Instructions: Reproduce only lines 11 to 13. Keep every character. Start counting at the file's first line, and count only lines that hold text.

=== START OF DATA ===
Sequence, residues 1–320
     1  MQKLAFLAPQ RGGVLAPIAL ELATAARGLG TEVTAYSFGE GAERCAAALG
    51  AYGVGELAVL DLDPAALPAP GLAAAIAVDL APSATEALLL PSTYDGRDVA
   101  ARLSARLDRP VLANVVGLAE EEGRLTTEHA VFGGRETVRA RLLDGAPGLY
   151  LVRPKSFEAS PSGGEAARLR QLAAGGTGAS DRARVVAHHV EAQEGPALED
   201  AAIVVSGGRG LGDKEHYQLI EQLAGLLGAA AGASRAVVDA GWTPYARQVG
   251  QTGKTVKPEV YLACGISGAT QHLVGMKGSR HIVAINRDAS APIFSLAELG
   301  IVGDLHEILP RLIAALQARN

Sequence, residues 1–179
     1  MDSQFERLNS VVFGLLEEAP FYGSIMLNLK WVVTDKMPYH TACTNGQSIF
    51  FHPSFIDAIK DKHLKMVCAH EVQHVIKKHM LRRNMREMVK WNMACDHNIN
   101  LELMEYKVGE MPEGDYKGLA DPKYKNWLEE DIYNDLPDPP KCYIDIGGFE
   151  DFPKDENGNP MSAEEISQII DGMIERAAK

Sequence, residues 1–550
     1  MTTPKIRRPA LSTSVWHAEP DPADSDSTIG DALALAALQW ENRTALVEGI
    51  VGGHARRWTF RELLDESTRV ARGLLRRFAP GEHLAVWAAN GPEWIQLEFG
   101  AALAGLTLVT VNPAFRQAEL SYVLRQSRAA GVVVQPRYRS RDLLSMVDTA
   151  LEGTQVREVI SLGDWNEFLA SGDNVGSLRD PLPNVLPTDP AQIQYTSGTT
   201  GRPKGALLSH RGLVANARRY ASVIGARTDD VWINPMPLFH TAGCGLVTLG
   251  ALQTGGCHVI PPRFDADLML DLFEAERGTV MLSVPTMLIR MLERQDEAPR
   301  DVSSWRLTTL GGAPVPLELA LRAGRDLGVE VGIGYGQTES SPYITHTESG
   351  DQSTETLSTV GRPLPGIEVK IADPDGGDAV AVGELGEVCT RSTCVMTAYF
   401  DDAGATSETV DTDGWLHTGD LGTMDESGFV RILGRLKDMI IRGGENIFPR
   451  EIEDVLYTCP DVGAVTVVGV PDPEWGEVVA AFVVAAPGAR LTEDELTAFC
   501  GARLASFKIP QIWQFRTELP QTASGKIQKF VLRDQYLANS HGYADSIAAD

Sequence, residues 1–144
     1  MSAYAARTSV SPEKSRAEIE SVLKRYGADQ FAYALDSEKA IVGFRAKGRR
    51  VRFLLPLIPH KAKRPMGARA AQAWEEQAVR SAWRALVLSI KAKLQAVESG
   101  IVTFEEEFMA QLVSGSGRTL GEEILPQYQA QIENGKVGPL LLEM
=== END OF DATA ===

    51  FHPSFIDAIK DKHLKMVCAH EVQHVIKKHM LRRNMREMVK WNMACDHNIN
   101  LELMEYKVGE MPEGDYKGLA DPKYKNWLEE DIYNDLPDPP KCYIDIGGFE
   151  DFPKDENGNP MSAEEISQII DGMIERAAK